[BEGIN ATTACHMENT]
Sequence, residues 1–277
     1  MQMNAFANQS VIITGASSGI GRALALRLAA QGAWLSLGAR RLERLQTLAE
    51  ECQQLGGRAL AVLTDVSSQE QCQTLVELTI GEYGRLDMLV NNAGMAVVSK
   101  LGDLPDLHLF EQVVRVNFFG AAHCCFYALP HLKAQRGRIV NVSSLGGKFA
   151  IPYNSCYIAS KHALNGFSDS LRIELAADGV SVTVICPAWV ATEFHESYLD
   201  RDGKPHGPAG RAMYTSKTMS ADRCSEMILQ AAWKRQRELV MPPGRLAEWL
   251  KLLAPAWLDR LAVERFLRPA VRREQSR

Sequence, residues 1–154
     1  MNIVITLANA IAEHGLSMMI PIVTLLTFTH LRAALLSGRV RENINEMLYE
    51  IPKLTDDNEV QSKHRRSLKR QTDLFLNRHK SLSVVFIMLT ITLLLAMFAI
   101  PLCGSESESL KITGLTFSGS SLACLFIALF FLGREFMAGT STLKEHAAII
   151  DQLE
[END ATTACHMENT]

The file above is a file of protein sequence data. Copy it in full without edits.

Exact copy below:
Sequence, residues 1–277
     1  MQMNAFANQS VIITGASSGI GRALALRLAA QGAWLSLGAR RLERLQTLAE
    51  ECQQLGGRAL AVLTDVSSQE QCQTLVELTI GEYGRLDMLV NNAGMAVVSK
   101  LGDLPDLHLF EQVVRVNFFG AAHCCFYALP HLKAQRGRIV NVSSLGGKFA
   151  IPYNSCYIAS KHALNGFSDS LRIELAADGV SVTVICPAWV ATEFHESYLD
   201  RDGKPHGPAG RAMYTSKTMS ADRCSEMILQ AAWKRQRELV MPPGRLAEWL
   251  KLLAPAWLDR LAVERFLRPA VRREQSR

Sequence, residues 1–154
     1  MNIVITLANA IAEHGLSMMI PIVTLLTFTH LRAALLSGRV RENINEMLYE
    51  IPKLTDDNEV QSKHRRSLKR QTDLFLNRHK SLSVVFIMLT ITLLLAMFAI
   101  PLCGSESESL KITGLTFSGS SLACLFIALF FLGREFMAGT STLKEHAAII
   151  DQLE